A road disappearing into the distance with the years 2023 onwards, indicating the future

What’s in store for domestic heating?

What are the four key developments that we can expect to see in the boilers of the future? Mark Wilkins, technologies and training director at Vaillant offers a glimpse.

Enhanced connectivity
With just 13 per cent of UK homeowners in 2022 saying they did not own any smart home devices1, it is evident that the way people use and interact with appliances in the home is evolving and growing. Homeowners want appliances that are convenient and increase connectivity, in turn optimising performance, control and reducing energy usage.

For the heating industry, we expect to see further growth in heating solutions that provide connectivity as standard, giving homeowners more efficient ways to achieve comfort levels along with real-time insight on their system’s performance.

Connectivity will play a central role as people continue to invest in products and solutions that
can maximise energy efficiency and enhance comfort. Heating systems with weather and load compensation will be capable of further optimising energy efficiency, controlling the boiler’s output to reduce the flow temperature needed to reach desired comfort levels. This means the system will use less energy when compared with a traditional on/off heating control.

Intelligent diagnostics
We expect to see more boilers that feature additional onboard diagnostic functionality. Intelligent diagnostic capabilities further enhance system efficiencies, and a prime example is advanced sensors and control systems that monitor and adjust parameters, such as combustion and water temperature, to ensure optimal operation.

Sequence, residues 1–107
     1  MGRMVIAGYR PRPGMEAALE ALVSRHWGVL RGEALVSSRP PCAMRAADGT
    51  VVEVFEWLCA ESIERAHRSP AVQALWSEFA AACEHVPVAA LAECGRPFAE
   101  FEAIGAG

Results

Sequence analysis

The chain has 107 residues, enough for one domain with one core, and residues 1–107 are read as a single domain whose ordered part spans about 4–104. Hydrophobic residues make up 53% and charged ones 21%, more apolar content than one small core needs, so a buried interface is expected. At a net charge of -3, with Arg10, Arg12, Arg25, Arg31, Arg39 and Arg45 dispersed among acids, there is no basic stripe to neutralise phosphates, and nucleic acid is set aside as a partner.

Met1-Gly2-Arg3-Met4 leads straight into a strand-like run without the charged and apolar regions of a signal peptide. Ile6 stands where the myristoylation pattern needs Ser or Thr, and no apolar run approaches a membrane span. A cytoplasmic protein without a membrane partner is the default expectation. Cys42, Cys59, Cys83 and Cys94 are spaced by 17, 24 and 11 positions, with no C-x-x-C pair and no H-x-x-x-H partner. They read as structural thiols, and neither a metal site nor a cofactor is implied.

The same technology can be used to detect and diagnose any issues, alerting heating engineers to a problem, often before it happens. This will help prevent costly repairs, minimise downtime and increase product lifecycles. For heating engineers, this means they can offer an enhanced service package to customers, from remote diagnostics to energy efficiency optimisation, without compromising on comfort.

We expect to see gas engineers increasingly use real-time data to support planned service and maintenance tasks.

Increased flexibility
Boilers will need to be more flexible when it comes to fuels, depending on the customer and property’s requirements. Such flexibility will embrace being prepared for hydrogen as well as being able to run on LPG and natural gas – without the need for complex conversion processes. The boilers of the future will be able to convert to other fuels via the interface or controls.

Ease of installation
New products should be designed so that the replacement of a boiler is quick and seamless. Ease of installation will remain a key consideration for manufacturers, with constant development reviews and improvements. For example, making sure that integral components are within easy access can reduce the amount of time spent on maintenance, servicing and repair.

A future-proofing focus will include the integration of smart technologies and enhanced connectivity to deliver heating system products that people can use simply to optimise home comfort while being more energy efficient.


1 www.statista.com/forecasts/997845/smart-home-device-ownership-in-the-uk

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